Does your design improve or leverage the user’s social infrastructure? YouTube Go leverages social contacts with a new “offline nearby sharing” feature that lets users send and receive videos when they’re together—without using data.

Leave minimalism at the door

“I don't like the way it looks,” was the reaction I heard over and over to an app with a lot of white space and muted colors. The minimal interface just couldn’t compete for the user’s attention in a place where local visuals are more vibrant and dense. Aesthetic styles that are currently popular in the west—such as minimal use of color, sound, and text, as well as abstracted visual elements—can lose impact in a more sensory-rich environment. But people still need to easily navigate your app. The line between density and clutter is a tricky one. Balance meaningfulness and hierarchy with the local aesthetic.

How can your interface speak to the local visual aesthetic? The UC Browser, which is popular in India, has a feature-dense design putting a range of app launchers and browser bookmarks front and center, rather than focusing on a single primary action.

Design for delight

The daily experience can be challenging in many emerging markets, with issues ranging from meeting basic needs, to sitting in hours-long traffic jams, to dealing with economic and infrastructural constraints. Users often appreciate design that attempts to charm and surprise—even utility apps relating to file or memory management don’t have to be boring.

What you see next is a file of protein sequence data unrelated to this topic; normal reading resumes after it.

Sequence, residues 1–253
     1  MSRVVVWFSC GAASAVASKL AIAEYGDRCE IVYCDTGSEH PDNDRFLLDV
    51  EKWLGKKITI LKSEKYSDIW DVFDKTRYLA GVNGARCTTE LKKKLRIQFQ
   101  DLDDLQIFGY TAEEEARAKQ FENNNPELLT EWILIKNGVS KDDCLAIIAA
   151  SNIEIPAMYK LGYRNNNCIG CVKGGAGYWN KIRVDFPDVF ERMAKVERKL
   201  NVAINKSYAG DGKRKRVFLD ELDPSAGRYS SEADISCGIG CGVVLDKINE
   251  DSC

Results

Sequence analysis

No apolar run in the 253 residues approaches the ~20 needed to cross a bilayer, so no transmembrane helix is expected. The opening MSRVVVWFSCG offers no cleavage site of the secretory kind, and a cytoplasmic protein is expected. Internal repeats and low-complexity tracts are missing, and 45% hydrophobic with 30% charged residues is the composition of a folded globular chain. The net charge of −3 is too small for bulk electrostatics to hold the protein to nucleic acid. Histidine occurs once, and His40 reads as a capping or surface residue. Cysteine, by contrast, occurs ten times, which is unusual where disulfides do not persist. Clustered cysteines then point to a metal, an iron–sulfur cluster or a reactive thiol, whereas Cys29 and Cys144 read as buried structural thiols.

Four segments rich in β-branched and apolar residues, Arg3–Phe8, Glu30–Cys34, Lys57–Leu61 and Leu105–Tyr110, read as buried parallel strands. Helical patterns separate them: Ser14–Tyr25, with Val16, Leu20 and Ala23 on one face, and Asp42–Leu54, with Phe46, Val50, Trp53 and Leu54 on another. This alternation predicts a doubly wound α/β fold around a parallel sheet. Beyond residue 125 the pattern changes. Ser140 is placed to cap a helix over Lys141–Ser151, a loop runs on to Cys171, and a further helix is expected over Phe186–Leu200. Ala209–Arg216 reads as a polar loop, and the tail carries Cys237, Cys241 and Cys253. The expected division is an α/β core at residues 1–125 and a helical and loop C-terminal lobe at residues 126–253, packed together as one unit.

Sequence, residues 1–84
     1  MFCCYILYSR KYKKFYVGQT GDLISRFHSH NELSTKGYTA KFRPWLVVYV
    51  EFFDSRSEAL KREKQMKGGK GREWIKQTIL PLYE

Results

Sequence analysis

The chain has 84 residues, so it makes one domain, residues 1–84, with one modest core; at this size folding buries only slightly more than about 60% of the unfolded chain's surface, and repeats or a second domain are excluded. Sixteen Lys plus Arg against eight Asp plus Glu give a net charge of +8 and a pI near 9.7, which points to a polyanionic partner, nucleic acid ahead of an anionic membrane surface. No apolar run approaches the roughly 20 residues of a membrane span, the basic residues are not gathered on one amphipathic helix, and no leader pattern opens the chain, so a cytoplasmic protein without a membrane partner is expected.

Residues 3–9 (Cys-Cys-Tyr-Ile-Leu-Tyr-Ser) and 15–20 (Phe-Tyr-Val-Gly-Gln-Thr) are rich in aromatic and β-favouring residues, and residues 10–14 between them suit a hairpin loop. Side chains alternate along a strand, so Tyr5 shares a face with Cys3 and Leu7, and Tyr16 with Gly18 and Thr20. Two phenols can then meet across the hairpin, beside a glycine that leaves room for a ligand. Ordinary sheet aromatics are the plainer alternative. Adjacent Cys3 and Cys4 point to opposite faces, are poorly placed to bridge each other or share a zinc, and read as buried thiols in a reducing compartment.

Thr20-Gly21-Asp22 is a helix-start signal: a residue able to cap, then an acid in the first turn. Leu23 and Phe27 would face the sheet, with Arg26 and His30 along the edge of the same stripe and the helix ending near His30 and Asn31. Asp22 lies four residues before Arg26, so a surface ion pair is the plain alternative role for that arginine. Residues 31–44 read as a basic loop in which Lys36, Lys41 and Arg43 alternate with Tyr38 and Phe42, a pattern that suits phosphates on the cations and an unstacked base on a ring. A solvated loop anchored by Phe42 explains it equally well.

Get out of the studio and into the real world

These nine considerations are a great place to start when designing products for emerging markets, but there's a huge difference between reading a report about daily life in Bangalore and talking with local residents, over tea, about their everyday lives. It’s this kind of personal experience that tells you how your app, product, or design will really be used, and trust me, it’s often different than you intended. So get out there and visit the people and places you’re designing for—ask questions, take notes, and set aside your own assumptions before knocking on someone else’s door. Look for the insights that can make or break your product. Your next billion users will thank you.